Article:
Avoiding a Deep-Fried Turkey Disaster this Thanksgiving
Posted by Pardridge Insurance Agency, Inc. on
Did you know Benjamin Franklin — who thought the bald eagle was of “bad moral character” — proposed that a wild turkey be the official bird mascot of the United States? Although he was outvoted, the noble turkey remains a mainstay of American culture and kitchens. According to the National Turkey Federation, nearly 88 percent of Americans eat turkey on Thanksgiving, usually with a generous helping of buttery mashed potatoes and Grandma’s green bean casserole. Deep-fried turkey has recently become wildly popular, and for good reason. It’s crispy, juicy, and faster to prepare than its roasted counterpart, but all of that deliciousness can come at a steep price.
Fire in the hole!
As delicious as a plate of crispy turkey may be, the National Fire Prevention Association (NFPA) actually discourages the use of any outdoor gas-fueled turkey fryers, no matter how safely you operate one. So if Uncle Bob still insists on frying the bird, offer the option of an outdoor turkey cooking appliance that doesn’t use oil, or suggest purchasing a fried turkey from a specialty grocery store. If he won’t go for any of those options, at least put these safety tips into action. That way, there’s food and frivolity — not fireworks.
Location, location, location. Always place your turkey fryer outdoors and at a distance from your home, outbuildings, fences, and trees. Never use in, on, or under a garage, breezeway, carport, porch, or any structure that can catch fire, and make sure the fryer is in full view while the burner is on. And keep the kids and pets indoors while the cooking is underway.
Pay attention to proper prep. The United States Department of Agriculture (USDA) recommends thawing your turkeycompletely (24 hours for every 4 to 5 pounds) and to pat it dry thoroughly before cooking. Partially frozen or wet turkeys can make the hot oil splatter when it’s immersed, which can lead to burns and injuries. And watch the weather — rain or snow can cause dangerous steam and spitting oil.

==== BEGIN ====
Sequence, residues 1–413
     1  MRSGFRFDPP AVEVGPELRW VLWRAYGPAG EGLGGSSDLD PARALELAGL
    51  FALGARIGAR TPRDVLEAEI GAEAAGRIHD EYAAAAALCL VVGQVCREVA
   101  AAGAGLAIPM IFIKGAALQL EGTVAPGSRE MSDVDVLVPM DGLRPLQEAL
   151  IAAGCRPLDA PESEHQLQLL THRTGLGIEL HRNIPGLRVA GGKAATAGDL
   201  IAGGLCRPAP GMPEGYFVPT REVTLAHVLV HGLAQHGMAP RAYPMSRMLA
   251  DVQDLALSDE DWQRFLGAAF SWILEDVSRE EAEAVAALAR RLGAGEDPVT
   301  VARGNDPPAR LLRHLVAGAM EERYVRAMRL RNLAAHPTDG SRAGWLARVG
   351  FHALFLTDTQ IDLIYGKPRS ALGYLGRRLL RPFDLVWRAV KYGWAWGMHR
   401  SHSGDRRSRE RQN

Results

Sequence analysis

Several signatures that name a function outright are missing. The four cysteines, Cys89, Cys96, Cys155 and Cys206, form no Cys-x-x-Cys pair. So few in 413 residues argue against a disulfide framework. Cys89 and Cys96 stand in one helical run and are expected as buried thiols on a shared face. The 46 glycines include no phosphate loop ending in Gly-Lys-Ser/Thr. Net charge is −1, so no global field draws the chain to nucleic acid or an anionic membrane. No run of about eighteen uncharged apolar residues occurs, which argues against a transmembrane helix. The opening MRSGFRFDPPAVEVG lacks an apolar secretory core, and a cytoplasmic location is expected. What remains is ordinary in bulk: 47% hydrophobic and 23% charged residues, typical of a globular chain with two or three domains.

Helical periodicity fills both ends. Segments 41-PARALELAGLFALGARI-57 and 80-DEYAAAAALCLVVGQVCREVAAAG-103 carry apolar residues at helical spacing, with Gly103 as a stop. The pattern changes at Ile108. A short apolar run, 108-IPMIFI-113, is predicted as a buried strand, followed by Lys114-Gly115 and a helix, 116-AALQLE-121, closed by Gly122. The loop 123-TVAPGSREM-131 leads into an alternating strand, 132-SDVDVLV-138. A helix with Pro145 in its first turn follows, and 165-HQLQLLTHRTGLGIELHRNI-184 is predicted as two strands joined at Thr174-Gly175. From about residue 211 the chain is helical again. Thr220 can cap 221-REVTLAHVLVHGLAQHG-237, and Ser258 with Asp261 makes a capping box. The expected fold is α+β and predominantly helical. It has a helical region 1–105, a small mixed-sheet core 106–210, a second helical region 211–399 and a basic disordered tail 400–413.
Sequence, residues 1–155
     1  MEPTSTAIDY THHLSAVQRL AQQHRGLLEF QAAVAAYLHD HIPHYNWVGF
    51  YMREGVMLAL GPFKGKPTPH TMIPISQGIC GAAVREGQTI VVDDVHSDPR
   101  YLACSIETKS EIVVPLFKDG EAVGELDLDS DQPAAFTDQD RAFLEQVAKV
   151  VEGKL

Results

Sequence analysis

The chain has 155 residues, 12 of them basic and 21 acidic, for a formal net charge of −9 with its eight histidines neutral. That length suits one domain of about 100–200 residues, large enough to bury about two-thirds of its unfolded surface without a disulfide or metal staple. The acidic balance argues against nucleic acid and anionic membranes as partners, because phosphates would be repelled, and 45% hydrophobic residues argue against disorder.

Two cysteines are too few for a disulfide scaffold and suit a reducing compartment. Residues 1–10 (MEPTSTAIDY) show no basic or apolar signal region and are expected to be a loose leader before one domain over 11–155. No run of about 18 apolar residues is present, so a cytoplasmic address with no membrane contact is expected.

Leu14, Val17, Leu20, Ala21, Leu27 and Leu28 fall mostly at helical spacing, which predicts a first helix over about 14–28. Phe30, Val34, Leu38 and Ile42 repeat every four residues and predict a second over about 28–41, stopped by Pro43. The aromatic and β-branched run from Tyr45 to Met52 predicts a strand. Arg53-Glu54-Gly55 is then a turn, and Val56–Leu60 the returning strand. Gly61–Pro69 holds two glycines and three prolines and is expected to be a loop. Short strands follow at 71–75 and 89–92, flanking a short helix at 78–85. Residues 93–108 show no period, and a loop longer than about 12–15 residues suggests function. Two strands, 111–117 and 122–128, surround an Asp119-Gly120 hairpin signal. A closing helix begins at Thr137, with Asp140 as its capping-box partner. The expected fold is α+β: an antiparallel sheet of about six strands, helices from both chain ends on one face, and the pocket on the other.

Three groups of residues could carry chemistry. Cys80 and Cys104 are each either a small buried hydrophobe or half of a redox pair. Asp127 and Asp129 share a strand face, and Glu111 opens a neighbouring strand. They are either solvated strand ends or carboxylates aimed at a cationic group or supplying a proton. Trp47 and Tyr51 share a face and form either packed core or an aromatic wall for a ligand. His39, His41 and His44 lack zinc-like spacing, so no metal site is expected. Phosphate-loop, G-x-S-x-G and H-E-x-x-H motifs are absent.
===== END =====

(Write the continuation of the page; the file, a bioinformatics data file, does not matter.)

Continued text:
Watch the temperature. The USDA warns that a deep fryer’s temperature can surge well beyond 350 degrees and the bubbling cooking oil is highly combustible. Vapors can ignite quickly, so to ensure Uncle Bob keeps those expressive eyebrows of his, monitor the Fahrenheit and use extreme caution when submerging and removing the turkey. The Consumer Product Safety Commission (CPSC) warns that if there’s smoke, your oil is overheating, so turn the burner off immediately if you see any evidence.
Be prepared. Cooking can be dangerous no matter how or where you’re operating, so always be sure to have a multipurpose, dry-powder fire extinguisher ready to go should your project go rogue. The USDA warns against extinguishing grease fires withwater — call 911 immediately. And the less your skin is exposed, the better. Be wise and wear protective clothing.
Select a safe size. Most fryers can accommodate a 12-16 pound turkey. If the bird is any bigger, it may not fit into the appliance and it’ll take exponentially more time to cook. As always, it’s really important to read the manufacturer’s instructions that come with your fryer, and take special heed of the recommended water and oil levels and submerge the bird slowly.
Keep the stuffing separate. As delicious as cornbread stuffing is, don’t pack your bird to the brim with it. In fact, according to the Centers for Disease Control (CDC) it’s best to bake the stuffing separately no matter how you’re cooking your turkey to avoid food-borne illness. Remember, good old Tom (and the stuffing) should have an internal temperature of 165 degrees Fahrenheit.
For more information
For more outdoor and food safety tips, check our partner Grinnell Mutual’s Front Porch Blog.
The information included in this publication was obtained from sources believed to be reliable, however Grinnell Mutual Reinsurance Company and its employees make no guarantee of results and assume no liability in connection with any training, materials, suggestions or information provided. It is the user’s responsibility to confirm compliance with any applicable local, state or federal regulations. Information obtained from or via Grinnell Mutual Reinsurance Company should not be used as the basis for legal advice or other advice, but should be confirmed with alternative sources.